Foodborne diseases have been a serious global public health issue and most of them are caused by foodborne pathogens such as Salmonella, Shigella, Vibrio, Escherichia coli O157, Yersinia enterocolitica, Listeria monocytogenes, Staphylococcus aureus, and Aspergillus flavus, etc. (World Health Organization, 2015; European Food Safety Authority, 2018; Tack et al., 2019). According to the data reported by the World Health Organization (WHO), foodborne diseases have caused approximate 600 million illness and 420, 000 deaths in the world and at least $100 billion costs in low- and middle-income countries every year, and the actual number of cases is also likely to be underestimated due to the high failure rate of reporting foodborne diseases worldwide (World Health Organization, 2015, 2019). Although antibiotics are essential to treat infections caused by foodborne pathogens, their overuse and misuse has been linked to the emergence and spread of multiple resistant strains during the past decades and has led to public awareness (Garedew et al., 2015; Kuch et al., 2018; U.S. Centers for Disease Control and Prevention, 2019). According to the government data of U.S. Centers for Disease Control and Prevention (CDC), antibiotic-resistant infections from foodborne germs (bacteria and fungi) still cause more than 2.8 million illnesses and 35,000 deaths in the United States each year despite attempts to combat the problem (U.S. Centers for Disease Control and Prevention, 2019). Thus, there is an urgent need for alternatives to antibiotics to fight against the foodborne pathogens.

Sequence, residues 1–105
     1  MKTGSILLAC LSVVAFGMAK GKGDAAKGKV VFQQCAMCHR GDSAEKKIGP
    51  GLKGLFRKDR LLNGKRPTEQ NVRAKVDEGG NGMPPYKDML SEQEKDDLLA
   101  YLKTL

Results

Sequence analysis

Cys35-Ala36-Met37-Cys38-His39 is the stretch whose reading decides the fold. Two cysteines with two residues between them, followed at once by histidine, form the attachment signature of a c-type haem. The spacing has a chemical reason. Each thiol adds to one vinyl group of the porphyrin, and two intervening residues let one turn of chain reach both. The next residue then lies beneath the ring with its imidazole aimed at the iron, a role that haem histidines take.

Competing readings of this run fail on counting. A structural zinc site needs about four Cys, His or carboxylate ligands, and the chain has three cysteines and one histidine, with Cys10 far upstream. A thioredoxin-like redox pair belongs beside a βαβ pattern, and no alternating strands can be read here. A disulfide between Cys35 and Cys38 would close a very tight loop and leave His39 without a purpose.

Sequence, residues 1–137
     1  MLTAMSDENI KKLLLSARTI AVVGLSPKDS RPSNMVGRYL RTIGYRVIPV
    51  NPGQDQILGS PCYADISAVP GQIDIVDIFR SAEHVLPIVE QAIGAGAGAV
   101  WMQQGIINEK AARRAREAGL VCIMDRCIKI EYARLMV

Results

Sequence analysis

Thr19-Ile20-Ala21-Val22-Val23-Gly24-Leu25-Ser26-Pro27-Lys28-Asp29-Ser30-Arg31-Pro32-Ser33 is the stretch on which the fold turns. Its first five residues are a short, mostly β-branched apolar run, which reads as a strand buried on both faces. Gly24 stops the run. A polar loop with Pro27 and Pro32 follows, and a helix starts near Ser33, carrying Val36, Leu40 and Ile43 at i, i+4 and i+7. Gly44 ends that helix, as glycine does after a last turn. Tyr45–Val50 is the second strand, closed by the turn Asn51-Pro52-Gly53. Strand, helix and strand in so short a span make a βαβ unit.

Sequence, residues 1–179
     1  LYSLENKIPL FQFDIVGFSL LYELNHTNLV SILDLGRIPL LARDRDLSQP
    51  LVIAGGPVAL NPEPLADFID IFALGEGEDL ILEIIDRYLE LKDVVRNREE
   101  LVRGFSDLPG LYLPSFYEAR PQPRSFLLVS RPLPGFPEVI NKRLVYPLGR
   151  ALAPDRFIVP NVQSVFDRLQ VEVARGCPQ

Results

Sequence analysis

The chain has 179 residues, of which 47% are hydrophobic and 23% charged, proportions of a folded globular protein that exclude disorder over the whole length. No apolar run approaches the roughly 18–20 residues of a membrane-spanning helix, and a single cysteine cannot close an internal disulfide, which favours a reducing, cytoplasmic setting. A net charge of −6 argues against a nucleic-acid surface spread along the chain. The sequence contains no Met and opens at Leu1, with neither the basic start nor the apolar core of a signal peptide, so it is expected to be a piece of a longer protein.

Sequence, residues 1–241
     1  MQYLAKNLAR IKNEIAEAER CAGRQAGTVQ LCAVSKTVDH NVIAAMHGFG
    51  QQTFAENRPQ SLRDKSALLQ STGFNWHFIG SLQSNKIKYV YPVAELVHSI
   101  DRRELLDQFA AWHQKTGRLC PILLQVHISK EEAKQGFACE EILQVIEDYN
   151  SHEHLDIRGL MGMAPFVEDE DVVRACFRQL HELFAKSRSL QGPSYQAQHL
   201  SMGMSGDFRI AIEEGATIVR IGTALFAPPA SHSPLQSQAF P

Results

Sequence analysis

In recent years, many studies have shown that the cyclic lipopeptides (CLPs) produced by Bacillus spp. have potent antimicrobial activity against antibiotic-resistant strains and can be generally divided into three main families: surfactin, fengycin, and iturin (Chi et al., 2015; Jemil et al., 2017; Perez et al., 2017; Piewngam et al., 2018). Due to their specific amphiphilic structure, CLPs primarily destroy target organisms by directly disrupting the integrity of the plasma membrane or cell wall in a detergent-like manner, and thus display a lower propensity to develop resistance than do conventional antibiotics (Banat et al., 2010; Mandal et al., 2013; Singh and Abraham, 2014; Patel et al., 2015; Ndlovu et al., 2017). Besides, CLPs are biodegradable, biocompatible, eco-friendly, relatively non-toxic, and resistant to extreme conditions of temperatures, pH, and salinity (Pradhan et al., 2013; Ben Ayed et al., 2017). Because of these attractive characteristics, naturally produced antimicrobial CLPs have received increasing attention as promising new antibiotic candidates for food, pharmaceutical, and biomedical applications.